Illustration of a man wearing a mask paying for his shopping at the cash register

For most of us grocery shopping is an unavoidable chore. The average person goes to the supermarket 1.6 times a week and spends 43 minutes there. That’s around 60 hours a year, not including the time spent getting to and from the store. It’s a lot of hours and a lot of opportunities for supermarkets to win customers over.

On average, a US household spends $7,203 per year on grocery shopping. Now, think about the size of your customer base. If you provide poor shopping experiences and continue to ignore your customers’ pain-points, you could be at risk of losing millions in revenue every year.

To understand and eliminate the specific problems customers face when shopping in your supermarket, deploy in-the-moment satisfaction surveys. By collecting customer feedback, you’ll open up to a goldmine of valuable information, which will enable you to monitor, measure, and improve shopper experiences.



We’ve all experienced a situation where the store didn’t have everything we needed. In fact, 48% of shoppers complain that products are out of stock when they visit the store. Customers want to be able to purchase everything on their shopping list in one store to save time and the trouble of re-planning their meals. But sometimes they are forced to visit your competition to buy the missing items. That presents a danger of them not coming back to you because the other supermarket could not only have what they need in stock, but also offer a much better experience overall.

To prevent stock-outs and losing customers, identify patterns in your point-of-sale (POS) and survey data to better predict future product demand and manage inventory. If your survey insights show that customers complain mostly about out-of-stock items at the weekend, that means you need to look into ordering more products ahead of that time. Reducing the stock-out rate not only increases sales but grows customer loyalty as well.



If you were at a restaurant and your table was dirty, would you want to eat there? Probably not. Then why would a customer shop in your store if it wasn’t clean?

Spillages on the floor, opened products sprawled over the shelves, blocked toilets – these are all common causes for complaints. As a matter of fact, 86% of American customers said that a clogged toilet would negatively impact their perception of a business.

Restroom cleanliness impacts overall shopping satisfaction and spend. And so does the organization of your shelves. Products in the wrong places could mean customers end up with something they thought was at a different price, causing avoidable delays at checkouts.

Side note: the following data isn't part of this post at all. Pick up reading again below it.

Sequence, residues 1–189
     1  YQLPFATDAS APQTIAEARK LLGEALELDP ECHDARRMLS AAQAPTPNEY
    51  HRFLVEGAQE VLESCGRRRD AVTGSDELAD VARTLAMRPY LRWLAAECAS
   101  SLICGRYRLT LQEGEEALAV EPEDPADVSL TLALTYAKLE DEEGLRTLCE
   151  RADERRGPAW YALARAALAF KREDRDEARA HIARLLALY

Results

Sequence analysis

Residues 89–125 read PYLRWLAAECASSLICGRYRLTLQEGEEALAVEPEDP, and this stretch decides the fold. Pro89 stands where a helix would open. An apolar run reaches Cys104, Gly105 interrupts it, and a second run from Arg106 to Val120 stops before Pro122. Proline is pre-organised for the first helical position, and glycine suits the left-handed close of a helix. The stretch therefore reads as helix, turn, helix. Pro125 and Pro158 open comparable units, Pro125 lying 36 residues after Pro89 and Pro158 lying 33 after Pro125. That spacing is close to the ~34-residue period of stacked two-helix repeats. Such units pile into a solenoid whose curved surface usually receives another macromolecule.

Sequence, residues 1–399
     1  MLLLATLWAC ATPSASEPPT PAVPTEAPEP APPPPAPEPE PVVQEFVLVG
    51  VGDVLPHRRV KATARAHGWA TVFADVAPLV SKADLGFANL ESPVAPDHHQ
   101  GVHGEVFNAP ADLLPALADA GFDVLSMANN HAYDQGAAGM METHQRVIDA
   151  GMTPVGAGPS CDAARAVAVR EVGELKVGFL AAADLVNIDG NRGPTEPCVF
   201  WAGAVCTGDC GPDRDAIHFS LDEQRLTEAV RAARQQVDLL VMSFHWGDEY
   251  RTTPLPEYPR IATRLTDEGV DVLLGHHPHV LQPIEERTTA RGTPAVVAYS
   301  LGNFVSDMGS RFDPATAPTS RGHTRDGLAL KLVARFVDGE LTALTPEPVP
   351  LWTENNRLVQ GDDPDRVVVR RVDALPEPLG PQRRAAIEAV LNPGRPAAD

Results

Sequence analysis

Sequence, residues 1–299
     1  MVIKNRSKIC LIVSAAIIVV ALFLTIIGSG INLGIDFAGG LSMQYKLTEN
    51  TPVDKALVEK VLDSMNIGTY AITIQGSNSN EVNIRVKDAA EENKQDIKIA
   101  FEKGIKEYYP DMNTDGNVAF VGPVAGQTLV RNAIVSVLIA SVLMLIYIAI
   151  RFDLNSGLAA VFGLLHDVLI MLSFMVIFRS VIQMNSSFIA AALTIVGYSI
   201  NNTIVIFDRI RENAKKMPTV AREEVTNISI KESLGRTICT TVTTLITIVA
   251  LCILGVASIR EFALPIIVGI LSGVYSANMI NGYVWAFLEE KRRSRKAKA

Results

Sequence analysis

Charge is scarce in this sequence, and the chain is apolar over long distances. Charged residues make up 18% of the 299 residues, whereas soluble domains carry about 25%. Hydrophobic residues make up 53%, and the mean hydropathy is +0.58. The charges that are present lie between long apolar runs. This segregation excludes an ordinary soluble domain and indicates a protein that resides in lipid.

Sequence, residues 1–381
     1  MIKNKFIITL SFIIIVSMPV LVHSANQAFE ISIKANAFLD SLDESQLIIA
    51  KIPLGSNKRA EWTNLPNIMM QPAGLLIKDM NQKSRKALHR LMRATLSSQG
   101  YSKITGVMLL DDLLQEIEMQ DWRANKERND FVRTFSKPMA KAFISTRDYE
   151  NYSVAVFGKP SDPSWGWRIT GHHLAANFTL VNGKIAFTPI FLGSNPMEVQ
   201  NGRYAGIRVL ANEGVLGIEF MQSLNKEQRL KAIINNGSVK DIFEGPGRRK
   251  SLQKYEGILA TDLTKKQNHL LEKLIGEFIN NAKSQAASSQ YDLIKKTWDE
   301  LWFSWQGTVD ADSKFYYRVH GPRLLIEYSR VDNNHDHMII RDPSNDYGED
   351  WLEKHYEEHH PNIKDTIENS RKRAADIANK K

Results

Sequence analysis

Act quickly on your customer feedback to clean up spills before accidents happen, put products back on the right shelves, attend the restrooms and replenish stock. Use our cleaner check-in feature to improve operational efficiency; manage schedules, find out how many supplies are used, and predict when your store floor or restroom might need attention.

Illustration presenting cleaning supplies and a clock


67% of shoppers left the store empty-handed before because they couldn’t find a product they needed. Of course, your supermarket doesn’t have to stock everything. But your staff should always be in sight available to assist customers, help them find what they’re looking for, or offer advice on the alternative products. That can prevent frustrations and walk-outs.

In your survey make sure to ask customers about how easy it was to find products in your store, if your staff were available to help, and if they managed to guide them in the right direction. Consider including a branching question about what products your customers couldn’t find so you can stock it in the future. Read the customer comments too as they are a goldmine of information.

When analyzing survey results, you’ll also be able to pinpoint the times when more store assistants are needed on the shop floor. Additionally, it’ll help you make informed decisions on improving signposting in store or equipping employees with the right technology to make finding products or product information easier.



Unknowledgeable, unhelpful, or unfriendly staff can significantly impact customer satisfaction. One of the main reasons your customer service might be lacking in excellence is insufficient staff training – both during the onboarding process and at a later time. To be able to provide enjoyable and effortless customer experiences, your employees should be confident they know your business, your latest policies, and their job responsibilities. That’s why continuous training is important.

Enhance your customer service by listening to customer feedback; if your survey insights suggest your customers aren’t happy with how your staff resolves issues, that means they need more training and support in that area. Use customer feedback as an opportunity to recognize top performing employees; show them you appreciate their hard work, build a competitive team spirit, and motivate them to further provide best-in-class service.

Illustration shows people analysing customer feedback results



Use in-the-moment feedback to capture KPIs, such as NPS and CSAT. This will help you establish a baseline from which you can make changes and measure the effect on your scores, driving improvement over time. For example, does having a member of staff on meet-and-greet improve the perceived experience? Or what effect does changing the flow through the shop have?

By deploying real-time feedback across all your locations, you can benchmark a location against its peers, allowing you to identify areas of over and under-performance. That can help share best practices and target improvements respectively. If you run a franchise business, then collecting KPIs is a great way to ensure that your franchisees are meeting your brand’s promise.

By Natalia Kaczmarek